Wow another empty vessel of a clinic thread, bereft of any substance beyond 'he won there for he must have doped' and sprinkled liberally with the tired skybot references and anti-British comments. Tremendous, don't ever change (and I am certain none of you will).
Would you call it irony, if someone complained about lack of substance in a thread (and complained in said thread) without adding any substance themselves?
 
Feb 28, 2010
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blackcat said:
fallacy of coercion.
Why is it a fallacy? I thought we were in an arms race, where only those who dope win? The only hope for non-dopers is to dope, or leave top level cycling.
 
Are some confusing Madchester, the Haçienda and Factory Records with
Manchester, the National Cycling Centre and the Gold Medal Factory?

At either world famous venue, one may have seen young men or women
vomiting or curled up in the foetal position. At the Haçienda the cause
was likely drink, ectasy or acid. At the Velodrome it would be due to a
Herculean effort on the track or ergo.

The two Temples did co-exist for at time, only a ten minute ride apart,
but the Velodrome's rise on the world stage coincided with the Haçienda's
demise. Neither the Haçienda or Factory Records ever received any Lottery
funding that I am aware of.
 
Mar 13, 2009
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Hawkwood said:
Why is it a fallacy? I thought we were in an arms race, where only those who dope win? The only hope for non-dopers is to dope, or leave top level cycling.
yeah, so who has coerced them into winning and doping to win? There is no by-rule in the charter for human rights that compels a rider the chance to win at Olympics <absurdity reducto intended>
 
Mar 13, 2009
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oldcrank said:
Are some confusing Madchester, the Haçienda and Factory Records with
Manchester, the National Cycling Centre and the Gold Medal Factory?

At either world famous venue, one may have seen young men or women
vomiting or curled up in the foetal position. At the Haçienda the cause
was likely drink, ectasy or acid. At the Velodrome it would be due to a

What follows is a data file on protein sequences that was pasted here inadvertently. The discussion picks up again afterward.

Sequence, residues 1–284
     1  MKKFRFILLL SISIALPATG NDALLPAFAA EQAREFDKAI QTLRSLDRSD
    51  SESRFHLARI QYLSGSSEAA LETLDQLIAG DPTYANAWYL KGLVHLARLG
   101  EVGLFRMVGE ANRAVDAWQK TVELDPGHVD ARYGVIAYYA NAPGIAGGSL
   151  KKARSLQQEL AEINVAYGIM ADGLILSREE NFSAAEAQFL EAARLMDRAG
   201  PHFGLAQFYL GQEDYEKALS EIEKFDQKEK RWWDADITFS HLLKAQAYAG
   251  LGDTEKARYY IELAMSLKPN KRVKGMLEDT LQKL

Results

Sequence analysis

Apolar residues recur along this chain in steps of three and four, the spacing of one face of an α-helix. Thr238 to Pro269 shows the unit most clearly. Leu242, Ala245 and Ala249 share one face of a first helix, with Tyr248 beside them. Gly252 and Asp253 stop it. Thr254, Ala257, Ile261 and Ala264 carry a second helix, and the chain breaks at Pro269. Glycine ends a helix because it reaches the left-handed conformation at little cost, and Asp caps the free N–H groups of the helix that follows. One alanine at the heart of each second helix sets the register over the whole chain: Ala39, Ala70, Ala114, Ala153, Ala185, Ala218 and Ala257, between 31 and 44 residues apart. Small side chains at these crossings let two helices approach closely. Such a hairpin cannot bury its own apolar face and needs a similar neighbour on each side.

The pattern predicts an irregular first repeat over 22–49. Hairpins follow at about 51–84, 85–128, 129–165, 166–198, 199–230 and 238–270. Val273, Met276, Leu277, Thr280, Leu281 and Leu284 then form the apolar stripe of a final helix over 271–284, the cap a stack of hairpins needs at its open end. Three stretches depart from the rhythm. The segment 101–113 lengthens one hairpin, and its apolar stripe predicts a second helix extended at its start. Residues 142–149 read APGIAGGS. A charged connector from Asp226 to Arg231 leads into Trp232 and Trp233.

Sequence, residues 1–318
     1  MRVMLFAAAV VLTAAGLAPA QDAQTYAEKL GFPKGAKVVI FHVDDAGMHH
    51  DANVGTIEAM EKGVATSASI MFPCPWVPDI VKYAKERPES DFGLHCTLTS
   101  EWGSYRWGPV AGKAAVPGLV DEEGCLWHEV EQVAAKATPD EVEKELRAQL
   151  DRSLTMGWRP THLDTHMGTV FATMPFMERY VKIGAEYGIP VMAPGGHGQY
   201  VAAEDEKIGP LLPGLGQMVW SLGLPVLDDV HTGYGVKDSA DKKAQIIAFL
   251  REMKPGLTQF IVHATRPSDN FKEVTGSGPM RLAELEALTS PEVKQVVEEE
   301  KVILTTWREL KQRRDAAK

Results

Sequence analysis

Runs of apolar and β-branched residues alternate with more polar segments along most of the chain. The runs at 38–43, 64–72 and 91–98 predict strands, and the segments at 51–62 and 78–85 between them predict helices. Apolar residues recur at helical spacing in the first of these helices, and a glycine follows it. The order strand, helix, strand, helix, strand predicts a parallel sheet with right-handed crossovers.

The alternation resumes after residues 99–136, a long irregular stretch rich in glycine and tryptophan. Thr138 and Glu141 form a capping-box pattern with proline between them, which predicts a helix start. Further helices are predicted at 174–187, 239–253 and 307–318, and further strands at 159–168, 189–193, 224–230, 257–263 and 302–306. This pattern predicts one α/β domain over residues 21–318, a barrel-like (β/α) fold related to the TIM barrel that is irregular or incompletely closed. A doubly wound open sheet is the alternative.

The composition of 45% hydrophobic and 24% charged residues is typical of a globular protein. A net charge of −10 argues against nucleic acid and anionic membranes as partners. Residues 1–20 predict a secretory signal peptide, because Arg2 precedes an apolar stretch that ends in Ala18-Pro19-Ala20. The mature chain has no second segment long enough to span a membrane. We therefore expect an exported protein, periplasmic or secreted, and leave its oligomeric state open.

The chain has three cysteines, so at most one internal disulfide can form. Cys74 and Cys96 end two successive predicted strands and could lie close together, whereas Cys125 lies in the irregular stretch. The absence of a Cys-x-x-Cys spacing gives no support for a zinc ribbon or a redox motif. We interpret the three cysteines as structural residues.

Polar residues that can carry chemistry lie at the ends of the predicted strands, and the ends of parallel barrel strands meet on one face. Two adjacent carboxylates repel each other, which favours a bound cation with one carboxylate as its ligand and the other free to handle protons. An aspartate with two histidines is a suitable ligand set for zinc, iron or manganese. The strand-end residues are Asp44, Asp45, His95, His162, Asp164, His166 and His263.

Herculean effort on the track or ergo.

The two Temples did co-exist for at time, only a ten minute ride apart,
but the Velodrome's rise on the world stage coincided with the Haçienda's
demise. Neither the Haçienda or Factory Records ever received any Lottery
funding that I am aware of.
ian curtis ftw, how far away is manchester university, was no alan turin an alumnus there or the merged man tech?
 
Netserk said:
Would you call it irony, if someone complained about lack of substance in a thread (and complained in said thread) without adding any substance themselves?
re your sig. - a) who decides what is "tactically and/or strategically more sound" and b) by that definition the weaker rider in a break/ group/ escape is always justified to wheelsuck. In fact everyone but the race favourite is pretty much always justified in wheelsucking.
 
Mar 13, 2009
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The Hitch said:
re your sig. - a) who decides what is "tactically and/or strategically more sound" and b) by that definition the weaker rider in a break/ group/ escape is always justified to wheelsuck. In fact everyone but the race favourite is pretty much always justified in wheelsucking.
is this not like an equilibrium handicap in the peloton.

If you are known as a rider who likes to Levi, see how i used Levi as a verb, a synonym to wheelsuck,

if you get the reputation for not pulling thru and doing your turn, no one will ever ride with you, so this is this axiomatic handicap that finds equilibrium.
 
blackcat said:
ian curtis ftw, how far away is manchester university, was no alan turin an alumnus there or the merged man tech?
On the short ride from the former site of the Haçienda
to the Velodrome one would pass near the Alan Turing
Memorial in the first quarter mile or so and also cross
the Alan Turing Way less than a quarter mile from the
Gold Medal Factory.
 
May 26, 2010
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JimmyFingers said:
Wow another empty vessel of a clinic thread, bereft of any substance beyond 'he won there for he must have doped' and sprinkled liberally with the tired skybot references and anti-British comments. Tremendous, don't ever change (and I am certain none of you will).
Yet you keep coming back to threads about British riders with the same old tired lambasting the clinic. One would think you might be obfuscating at best Jim, or trolling, as it appears you last contributions offer nothing yet you post it verbatim.